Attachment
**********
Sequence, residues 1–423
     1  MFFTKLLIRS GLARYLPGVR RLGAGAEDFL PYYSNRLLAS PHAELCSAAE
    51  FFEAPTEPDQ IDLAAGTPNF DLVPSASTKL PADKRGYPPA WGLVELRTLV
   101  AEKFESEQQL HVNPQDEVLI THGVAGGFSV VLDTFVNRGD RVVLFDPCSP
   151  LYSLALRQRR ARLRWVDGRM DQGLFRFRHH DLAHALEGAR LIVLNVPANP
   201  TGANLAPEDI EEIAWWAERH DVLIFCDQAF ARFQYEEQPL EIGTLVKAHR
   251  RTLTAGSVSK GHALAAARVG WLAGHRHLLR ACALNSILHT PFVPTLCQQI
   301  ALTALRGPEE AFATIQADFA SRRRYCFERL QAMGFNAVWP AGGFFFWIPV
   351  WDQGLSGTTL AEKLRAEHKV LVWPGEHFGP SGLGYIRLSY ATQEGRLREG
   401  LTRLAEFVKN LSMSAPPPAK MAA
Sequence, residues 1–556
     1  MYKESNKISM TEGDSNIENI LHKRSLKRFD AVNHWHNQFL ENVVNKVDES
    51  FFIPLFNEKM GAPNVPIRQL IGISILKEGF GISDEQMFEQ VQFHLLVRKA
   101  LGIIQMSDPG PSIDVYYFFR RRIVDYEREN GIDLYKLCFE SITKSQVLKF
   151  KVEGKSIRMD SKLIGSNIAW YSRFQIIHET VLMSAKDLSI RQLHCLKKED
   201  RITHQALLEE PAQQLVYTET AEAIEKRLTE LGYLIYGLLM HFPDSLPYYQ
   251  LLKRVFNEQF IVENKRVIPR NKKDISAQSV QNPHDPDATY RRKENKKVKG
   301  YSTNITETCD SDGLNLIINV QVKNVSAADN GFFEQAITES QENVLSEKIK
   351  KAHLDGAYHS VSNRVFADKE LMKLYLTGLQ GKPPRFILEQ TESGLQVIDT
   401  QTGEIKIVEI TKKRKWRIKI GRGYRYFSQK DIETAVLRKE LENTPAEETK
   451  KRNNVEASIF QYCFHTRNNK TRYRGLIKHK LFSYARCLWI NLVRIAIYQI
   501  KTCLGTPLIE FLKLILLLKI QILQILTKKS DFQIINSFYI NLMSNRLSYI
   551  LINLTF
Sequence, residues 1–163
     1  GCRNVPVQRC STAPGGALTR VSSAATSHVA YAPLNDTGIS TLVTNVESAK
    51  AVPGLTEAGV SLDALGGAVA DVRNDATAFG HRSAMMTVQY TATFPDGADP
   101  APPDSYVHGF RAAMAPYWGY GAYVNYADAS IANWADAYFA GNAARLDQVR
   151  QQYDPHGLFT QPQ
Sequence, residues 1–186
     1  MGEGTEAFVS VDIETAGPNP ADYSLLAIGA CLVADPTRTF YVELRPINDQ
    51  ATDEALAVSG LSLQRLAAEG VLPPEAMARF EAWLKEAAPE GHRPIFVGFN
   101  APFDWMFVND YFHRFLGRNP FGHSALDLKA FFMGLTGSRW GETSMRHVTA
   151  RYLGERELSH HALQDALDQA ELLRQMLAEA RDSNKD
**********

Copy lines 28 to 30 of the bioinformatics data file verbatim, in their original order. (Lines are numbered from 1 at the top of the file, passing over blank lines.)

   151  QQYDPHGLFT QPQ
Sequence, residues 1–186
     1  MGEGTEAFVS VDIETAGPNP ADYSLLAIGA CLVADPTRTF YVELRPINDQ